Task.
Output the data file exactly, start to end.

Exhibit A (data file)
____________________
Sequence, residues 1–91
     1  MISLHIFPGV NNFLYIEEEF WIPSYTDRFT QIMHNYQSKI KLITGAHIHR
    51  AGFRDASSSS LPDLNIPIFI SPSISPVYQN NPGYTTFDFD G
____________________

Sequence, residues 1–91
     1  MISLHIFPGV NNFLYIEEEF WIPSYTDRFT QIMHNYQSKI KLITGAHIHR
    51  AGFRDASSSS LPDLNIPIFI SPSISPVYQN NPGYTTFDFD G